before, celebrating New Years day or purchasing a good luck charm is very
familiar to us.9 I found this answer to show a lot about Shintoism in Japan.
Before interviewing Rina, I couldnt get a good sense of whether or not
Shinto is still a large part of life in Japan or not. In her answers a constant
idea sticks out that Shintoism is now largely a traditional practice that
families and individuals occasionally practice. I asked Rina a few more
questions to try and give myself an understanding of modern Shintoism in
Japan and what it might look like these days. I asked Rina, To you it seems
Shinto is very traditional, but are there people in Japan that could be
considered devout and really believe in Shintoism as a spiritual practice?
She replied with, I think yes. There are many shrines in Japan and many
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people go to them.10 This piece of information is great because it shows that


not everyone in Japan considers Shintoism to be just a traditional thing but
some also still practice it as their spiritual belief. I learned in my research
that shortly after the Meiji Restoration Shintoism was officially named the
state religion of Japan. This would carry on into the 20th century before the
official relationship between Shintoism and the government was
7,8,9, 10

Irie, Rina. Interview. April 8, 2015. University of MS.

dropped. According to Rina, Currently in Japan, relating religious things and


political things is banned.11 This is an important fact to know that Japan has
maintained their separation between religion and state.
Japans history is directly influenced by the belief system Shintoism
and the role it played within the government and the population. The
government went through periods of closeness and distance from Shinto.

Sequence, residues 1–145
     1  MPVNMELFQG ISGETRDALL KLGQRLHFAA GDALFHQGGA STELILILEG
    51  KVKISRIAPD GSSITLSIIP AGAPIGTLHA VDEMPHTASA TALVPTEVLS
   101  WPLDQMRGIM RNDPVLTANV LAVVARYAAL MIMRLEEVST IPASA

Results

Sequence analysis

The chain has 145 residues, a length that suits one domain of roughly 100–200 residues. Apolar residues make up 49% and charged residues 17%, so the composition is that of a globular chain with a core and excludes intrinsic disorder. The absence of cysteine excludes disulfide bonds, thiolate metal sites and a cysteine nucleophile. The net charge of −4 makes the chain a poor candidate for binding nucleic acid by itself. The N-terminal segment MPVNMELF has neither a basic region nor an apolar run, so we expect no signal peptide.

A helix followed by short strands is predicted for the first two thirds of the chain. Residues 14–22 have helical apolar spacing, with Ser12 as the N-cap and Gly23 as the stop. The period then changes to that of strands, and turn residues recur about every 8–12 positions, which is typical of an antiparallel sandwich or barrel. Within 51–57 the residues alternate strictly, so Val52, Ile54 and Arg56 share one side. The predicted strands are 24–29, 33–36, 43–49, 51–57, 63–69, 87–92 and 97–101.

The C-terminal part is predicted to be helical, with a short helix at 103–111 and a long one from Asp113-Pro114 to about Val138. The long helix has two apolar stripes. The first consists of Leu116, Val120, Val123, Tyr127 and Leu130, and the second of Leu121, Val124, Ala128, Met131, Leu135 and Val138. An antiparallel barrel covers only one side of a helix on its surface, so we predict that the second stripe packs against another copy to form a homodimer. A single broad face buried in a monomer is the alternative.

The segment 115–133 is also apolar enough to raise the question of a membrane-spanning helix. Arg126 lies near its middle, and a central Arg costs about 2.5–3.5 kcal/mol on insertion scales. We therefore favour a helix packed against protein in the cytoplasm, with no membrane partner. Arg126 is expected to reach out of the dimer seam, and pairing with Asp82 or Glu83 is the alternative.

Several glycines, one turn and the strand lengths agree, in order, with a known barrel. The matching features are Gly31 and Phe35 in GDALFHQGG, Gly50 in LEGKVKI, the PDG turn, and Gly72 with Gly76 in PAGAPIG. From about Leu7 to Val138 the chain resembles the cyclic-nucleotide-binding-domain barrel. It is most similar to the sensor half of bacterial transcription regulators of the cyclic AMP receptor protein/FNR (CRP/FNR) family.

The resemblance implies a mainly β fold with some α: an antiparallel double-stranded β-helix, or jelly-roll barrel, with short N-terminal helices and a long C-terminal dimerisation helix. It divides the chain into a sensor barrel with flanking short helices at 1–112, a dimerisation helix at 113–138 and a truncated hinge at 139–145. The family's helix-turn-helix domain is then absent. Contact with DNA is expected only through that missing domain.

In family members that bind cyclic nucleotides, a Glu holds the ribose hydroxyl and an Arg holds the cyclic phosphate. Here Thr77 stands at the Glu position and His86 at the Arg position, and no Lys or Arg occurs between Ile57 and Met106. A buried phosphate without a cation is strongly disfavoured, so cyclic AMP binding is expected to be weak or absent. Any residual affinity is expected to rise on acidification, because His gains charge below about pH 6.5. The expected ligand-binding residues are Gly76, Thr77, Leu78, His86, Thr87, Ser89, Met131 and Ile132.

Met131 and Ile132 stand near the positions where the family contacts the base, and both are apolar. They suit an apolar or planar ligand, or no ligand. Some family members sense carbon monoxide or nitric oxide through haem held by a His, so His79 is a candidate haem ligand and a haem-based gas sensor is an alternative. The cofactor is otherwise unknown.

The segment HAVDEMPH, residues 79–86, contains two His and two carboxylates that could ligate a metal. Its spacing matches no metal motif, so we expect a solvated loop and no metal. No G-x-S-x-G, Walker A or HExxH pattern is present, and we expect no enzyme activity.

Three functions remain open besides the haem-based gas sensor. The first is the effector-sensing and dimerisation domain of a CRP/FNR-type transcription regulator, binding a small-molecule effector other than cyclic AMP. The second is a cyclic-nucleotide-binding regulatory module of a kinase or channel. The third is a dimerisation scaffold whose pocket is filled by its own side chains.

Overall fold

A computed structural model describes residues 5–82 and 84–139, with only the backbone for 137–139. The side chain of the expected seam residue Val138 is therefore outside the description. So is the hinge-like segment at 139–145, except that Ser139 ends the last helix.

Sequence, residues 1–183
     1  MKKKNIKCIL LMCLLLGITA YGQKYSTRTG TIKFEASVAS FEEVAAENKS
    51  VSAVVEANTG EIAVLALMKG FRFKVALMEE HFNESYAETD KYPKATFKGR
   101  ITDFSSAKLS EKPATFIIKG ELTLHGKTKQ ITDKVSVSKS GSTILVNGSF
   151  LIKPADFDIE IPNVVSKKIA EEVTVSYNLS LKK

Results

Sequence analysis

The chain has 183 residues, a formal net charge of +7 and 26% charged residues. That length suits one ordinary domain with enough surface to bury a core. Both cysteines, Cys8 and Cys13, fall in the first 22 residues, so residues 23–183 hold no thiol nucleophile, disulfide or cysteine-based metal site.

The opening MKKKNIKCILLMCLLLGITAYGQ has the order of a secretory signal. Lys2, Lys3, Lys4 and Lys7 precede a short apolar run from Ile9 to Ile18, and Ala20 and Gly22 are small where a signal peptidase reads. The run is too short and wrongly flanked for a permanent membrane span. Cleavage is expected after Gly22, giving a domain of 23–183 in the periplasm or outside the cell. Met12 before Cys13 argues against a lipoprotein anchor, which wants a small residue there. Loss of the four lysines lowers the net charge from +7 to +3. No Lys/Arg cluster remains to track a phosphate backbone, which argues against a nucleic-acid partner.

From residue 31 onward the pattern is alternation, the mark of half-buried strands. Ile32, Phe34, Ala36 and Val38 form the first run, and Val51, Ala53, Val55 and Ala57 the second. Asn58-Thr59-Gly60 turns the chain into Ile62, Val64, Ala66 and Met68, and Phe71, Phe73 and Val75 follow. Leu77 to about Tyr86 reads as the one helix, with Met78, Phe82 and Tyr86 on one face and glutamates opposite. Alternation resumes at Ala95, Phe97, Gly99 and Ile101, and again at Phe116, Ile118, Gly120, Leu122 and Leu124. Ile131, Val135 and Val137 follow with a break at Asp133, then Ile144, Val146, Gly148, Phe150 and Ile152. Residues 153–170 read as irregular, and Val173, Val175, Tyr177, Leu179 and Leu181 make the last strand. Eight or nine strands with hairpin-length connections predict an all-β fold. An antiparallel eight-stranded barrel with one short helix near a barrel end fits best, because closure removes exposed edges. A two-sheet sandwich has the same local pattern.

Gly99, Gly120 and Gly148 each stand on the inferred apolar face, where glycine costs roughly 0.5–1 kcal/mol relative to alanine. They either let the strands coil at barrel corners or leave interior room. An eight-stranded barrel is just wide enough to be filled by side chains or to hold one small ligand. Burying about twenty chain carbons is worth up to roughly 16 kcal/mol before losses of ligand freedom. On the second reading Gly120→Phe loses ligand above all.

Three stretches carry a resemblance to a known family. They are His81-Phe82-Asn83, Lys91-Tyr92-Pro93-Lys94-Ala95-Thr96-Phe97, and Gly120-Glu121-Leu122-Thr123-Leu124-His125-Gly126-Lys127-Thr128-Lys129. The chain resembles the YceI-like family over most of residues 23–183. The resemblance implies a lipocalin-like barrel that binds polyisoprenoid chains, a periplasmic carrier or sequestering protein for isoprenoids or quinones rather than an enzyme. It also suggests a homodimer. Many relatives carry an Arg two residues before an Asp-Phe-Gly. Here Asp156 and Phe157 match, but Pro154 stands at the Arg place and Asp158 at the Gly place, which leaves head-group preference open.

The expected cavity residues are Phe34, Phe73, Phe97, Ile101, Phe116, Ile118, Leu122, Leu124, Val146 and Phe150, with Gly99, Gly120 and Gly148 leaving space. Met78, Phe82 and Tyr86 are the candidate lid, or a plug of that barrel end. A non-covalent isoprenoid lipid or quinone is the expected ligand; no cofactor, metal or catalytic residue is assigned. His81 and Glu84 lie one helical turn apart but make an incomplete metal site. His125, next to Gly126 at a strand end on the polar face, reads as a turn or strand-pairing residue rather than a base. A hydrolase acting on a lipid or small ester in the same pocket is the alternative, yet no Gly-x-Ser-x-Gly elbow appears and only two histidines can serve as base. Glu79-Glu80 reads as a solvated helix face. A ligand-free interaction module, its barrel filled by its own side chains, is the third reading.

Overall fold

Shintoism was birthed in Japan and, quite unlike any other major religion, it
has mostly stayed in its place of origin. Shintoism is certainly a unique
spiritual practice that gives Japan a colorful and interesting background.
From the country going between a rural, traditional, isolated nation to
becoming a major modern world power, Shintoism has always been a
centrifugal part of Japanese history. I think from the above research we can
see that Shintoism did indeed change a bit as the nation changed. From
before the Meiji Restoration to after it and well into the twentieth century,
Shintoism was practiced, used, and changed just as the nation of Japan
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changed. The government certainly used it as a tool to solidify Japanese


identity and to create a sort of national pride through Shinto. There is also
fairly clear evidence that benefited largely from the use of Shintoism as a
unifying factor. Even though Japan does not currently call Shintoism its state
religion, it did at one point hold that exact title.

11

Irie, Rina. Interview. April 8, 2015. University of MS.

Bibliography
Chiba, Reiko. The Seven Lucky Gods of Japan. Rutland: Charles E. Tuttle,
1966. Print.
Earhart, H. Byron. Japanese Religion; Unity and Diversity. 4th ed. Belmont,
CA: Dickenson Pub., 2004. Print.
Gordon, Andrew. A Modern History of Japan: From Tokugawa times to the
Present. New York: Oxford UP, 2003. Print.
Irie, Rina. Interview. April 8, 2015. University of MS.
Ito, Satoshi, Jun Endo, and Mizue Mori. Shinto, a Short History. Trans. Mark
Teeuwen and John Breen. Ed. Nobutaka Inoue. London: RoutledgeCurzon,
2003. Print.
Ono, Sokyo, Dr., and William P. Woodard. Shinto: The Kami Way. Rutland:
Charles E. Tuttle, 1962. Print.
Picken, Stuart D. B. Shinto, Japans Spiritual Roots. Tokyo: Kodansha
International, 1980. Print.
Reader, Ian, Esben Andreasen, and Finn Stefnsson. Japanese Religions: Past
and Present. Honolulu: University of Hawaii, 1993. Print.
10

Ross, Floyd Hiatt. Shinto, the Way of Japan. Boston: Beacon, 1965. Print.
Tanizaki, Jun'ichiro. Naomi. New York: Knopf, 1985. Print.